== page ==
In the annals of interesting flower names, Gladiolus – “little sword” – lands somewhere in the middle. Definitely not as romantic as anemone (daughter of the wind), not as bluntly literal as chrysanthemum (gold flower), nor as suggestive as orchid (um, look it up yourself.) They were once the symbol of the Roman gladiators, so the moniker makes some sense. Still, a pretty aggressive name for something so lovely and delicate, don’t you think?
Gladiolus originated in sub-Saharan Africa, with its Center of Diversity (where you can find the majority of species) located in the wonderfully rich Cape Floristic Region. A member of the Iris family, Gladiolus was introduced to European gardens over 300 years ago. Today, they come in a variety of colors including green, orange, pink, purple, red, salmon, white, and yellow.
Symbolizing sincerity, generosity and infatuation, Gladiolus is a popular choice in today’s flower shop, even if it’s NOT your August birthday or your 40th anniversary! So, if you are a floral professional who wishes to wield your Little Sword effectively, please peruse these valuable care and handling tips from your friends at Floralife®!
- Ethylene has been shown to cause abortion of unopen florets. Ask if your supplier has treated the product with an ethylene action inhibitor, such as EthylBloc.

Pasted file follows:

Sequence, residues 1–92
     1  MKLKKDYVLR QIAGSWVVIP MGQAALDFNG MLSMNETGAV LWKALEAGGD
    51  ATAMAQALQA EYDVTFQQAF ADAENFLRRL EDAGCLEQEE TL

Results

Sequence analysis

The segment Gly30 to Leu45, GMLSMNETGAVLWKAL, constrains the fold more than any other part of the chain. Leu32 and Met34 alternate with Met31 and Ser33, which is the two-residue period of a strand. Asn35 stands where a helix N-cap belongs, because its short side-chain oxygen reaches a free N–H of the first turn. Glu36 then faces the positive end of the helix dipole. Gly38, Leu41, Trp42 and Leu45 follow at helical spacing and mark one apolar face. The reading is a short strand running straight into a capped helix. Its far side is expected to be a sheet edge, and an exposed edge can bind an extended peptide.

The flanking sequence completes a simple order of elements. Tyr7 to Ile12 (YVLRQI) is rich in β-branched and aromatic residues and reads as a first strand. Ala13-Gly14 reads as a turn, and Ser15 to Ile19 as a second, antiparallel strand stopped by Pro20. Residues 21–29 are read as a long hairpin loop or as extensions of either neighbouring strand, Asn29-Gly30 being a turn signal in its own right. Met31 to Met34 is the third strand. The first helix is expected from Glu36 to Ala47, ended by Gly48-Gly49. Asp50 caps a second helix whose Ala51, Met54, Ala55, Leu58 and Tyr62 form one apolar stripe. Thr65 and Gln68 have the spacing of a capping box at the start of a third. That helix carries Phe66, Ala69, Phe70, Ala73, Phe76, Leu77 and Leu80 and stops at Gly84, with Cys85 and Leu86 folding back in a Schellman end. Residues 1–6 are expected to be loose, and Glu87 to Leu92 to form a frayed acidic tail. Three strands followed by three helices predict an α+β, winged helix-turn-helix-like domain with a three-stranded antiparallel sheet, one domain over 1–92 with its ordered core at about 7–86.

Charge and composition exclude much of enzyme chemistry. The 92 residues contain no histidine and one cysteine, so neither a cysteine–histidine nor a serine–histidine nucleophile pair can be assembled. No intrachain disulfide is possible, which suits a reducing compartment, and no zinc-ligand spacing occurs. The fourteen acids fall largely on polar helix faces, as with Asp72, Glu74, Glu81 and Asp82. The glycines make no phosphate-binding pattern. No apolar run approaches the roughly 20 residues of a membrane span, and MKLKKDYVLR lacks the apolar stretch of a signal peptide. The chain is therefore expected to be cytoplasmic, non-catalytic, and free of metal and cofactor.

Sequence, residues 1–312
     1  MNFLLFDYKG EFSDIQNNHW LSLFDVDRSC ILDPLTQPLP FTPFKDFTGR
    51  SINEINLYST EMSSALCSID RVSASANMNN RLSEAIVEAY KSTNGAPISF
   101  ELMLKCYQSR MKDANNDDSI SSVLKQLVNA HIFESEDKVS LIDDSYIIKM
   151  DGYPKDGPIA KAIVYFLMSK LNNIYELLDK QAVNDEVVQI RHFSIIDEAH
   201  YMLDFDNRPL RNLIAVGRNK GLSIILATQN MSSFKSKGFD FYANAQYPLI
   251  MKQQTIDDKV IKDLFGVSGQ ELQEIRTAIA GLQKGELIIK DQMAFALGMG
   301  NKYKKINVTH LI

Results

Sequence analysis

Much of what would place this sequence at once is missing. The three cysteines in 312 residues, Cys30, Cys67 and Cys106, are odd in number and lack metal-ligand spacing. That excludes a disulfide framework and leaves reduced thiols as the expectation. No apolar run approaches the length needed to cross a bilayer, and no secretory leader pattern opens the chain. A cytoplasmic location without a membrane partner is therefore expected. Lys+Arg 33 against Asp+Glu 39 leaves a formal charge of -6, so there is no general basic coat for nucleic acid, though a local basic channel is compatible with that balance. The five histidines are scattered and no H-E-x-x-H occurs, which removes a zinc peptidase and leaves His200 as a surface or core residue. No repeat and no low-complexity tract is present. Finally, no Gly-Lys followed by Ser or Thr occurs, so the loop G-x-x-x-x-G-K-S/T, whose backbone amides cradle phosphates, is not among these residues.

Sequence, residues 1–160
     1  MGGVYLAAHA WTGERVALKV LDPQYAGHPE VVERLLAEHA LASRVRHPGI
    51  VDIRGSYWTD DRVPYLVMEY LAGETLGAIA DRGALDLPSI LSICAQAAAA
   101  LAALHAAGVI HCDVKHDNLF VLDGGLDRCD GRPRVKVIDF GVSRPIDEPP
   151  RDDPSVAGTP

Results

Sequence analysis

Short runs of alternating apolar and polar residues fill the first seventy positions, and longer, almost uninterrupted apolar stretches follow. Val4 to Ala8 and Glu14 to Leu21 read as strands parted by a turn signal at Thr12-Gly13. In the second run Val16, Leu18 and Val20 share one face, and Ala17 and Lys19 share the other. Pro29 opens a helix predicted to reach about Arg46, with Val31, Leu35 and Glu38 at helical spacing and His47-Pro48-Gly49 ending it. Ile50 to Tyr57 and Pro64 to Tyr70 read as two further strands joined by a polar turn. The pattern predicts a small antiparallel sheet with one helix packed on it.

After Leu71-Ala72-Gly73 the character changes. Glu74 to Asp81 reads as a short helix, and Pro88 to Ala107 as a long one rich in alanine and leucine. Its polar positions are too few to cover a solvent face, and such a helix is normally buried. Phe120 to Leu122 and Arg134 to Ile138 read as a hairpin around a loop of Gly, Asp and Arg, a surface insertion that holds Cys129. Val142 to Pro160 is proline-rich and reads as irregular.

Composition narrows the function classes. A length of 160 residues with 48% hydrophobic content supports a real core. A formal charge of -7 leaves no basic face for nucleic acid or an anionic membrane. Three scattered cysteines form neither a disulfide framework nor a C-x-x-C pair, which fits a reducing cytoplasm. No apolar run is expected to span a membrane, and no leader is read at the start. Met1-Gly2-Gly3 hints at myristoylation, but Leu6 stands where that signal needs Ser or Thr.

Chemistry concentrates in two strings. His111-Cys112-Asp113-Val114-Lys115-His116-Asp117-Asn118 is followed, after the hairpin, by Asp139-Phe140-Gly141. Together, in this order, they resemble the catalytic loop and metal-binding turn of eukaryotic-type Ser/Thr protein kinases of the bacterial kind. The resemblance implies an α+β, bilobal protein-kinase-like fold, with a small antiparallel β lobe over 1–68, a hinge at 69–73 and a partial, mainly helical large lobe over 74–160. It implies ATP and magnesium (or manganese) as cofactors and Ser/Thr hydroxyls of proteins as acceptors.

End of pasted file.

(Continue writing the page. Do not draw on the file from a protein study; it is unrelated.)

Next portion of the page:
- Avoid stems with brown or shriveled florets.
- Avoid stems in which foliage exhibits tip burn.
- Choose spikes that have a few open florets.
- Rinse bottom of the stems of any dirt or debris.
- Start with a clean bucket, sanitized with D.C.D.® cleaner.
- Fill buckets with cool water mixed with flower food solution according to manufacturer’s recommendation. Do not put flowers directly into metal/galvanized buckets. Use clean, good quality water that has not been treated with a water softener as the salt levels can be damaging to flowers.
- Remove foliage below solution level.
- Cut (or don’t cut) stems if using Floralife® Express Technology and be sure to Quick Dip. If not, then re-cut stems approximately l” using clean, sanitized clippers or knife.
- Place flowers in prepared container.
- Allow a minimum of 2 hours to hydrate, placing buckets in an area with good airflow. 2 – 4 hours if flowers are limp or exhibiting bent neck.
- Always remember FIFO when rotating Gladiolus or any other flowers.
- Spray your arrangements containing Gladiolus with Floralife® Finishing Touch before they go out of the door. This will hydrate and protect the blooms.
- Always give a packet of a flower food with your designs. One-liter packets treat one quart of water.
- Place Gladiolus in a 34 – 38 ° F cooler with 75 – 85% humidity.
- Store upright if possible as Gladiolus tend to bend and deform.
Common Gladiolus Defects & Causes:
- Flower fade/translucency due to ethylene and/or high temperatures.
- Remaining florets do not open due to early harvest, stored too long, extreme temperatures, and/or low humidity.
- Petal and foliage burning due to excessive fluoride.
- Gladiolus stem ends are prone to developing a biofilm formation when in water due to bacterial growth.